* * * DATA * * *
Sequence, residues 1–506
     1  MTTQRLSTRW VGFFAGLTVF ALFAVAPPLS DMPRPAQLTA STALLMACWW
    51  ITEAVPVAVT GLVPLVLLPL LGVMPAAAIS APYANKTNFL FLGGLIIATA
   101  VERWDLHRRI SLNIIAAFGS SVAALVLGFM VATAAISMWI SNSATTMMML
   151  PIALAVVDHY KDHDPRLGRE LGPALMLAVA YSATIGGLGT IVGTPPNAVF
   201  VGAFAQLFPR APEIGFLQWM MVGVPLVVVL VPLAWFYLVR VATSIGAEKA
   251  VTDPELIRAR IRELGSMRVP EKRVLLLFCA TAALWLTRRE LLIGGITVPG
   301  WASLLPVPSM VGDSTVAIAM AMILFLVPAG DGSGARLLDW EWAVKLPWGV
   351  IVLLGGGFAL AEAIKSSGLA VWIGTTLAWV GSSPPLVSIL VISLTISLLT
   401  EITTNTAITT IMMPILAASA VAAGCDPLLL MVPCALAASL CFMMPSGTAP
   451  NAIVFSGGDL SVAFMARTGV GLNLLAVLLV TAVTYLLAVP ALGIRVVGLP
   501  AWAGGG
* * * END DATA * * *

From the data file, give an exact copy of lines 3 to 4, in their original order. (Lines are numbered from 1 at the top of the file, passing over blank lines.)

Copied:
    51  ITEAVPVAVT GLVPLVLLPL LGVMPAAAIS APYANKTNFL FLGGLIIATA
   101  VERWDLHRRI SLNIIAAFGS SVAALVLGFM VATAAISMWI SNSATTMMML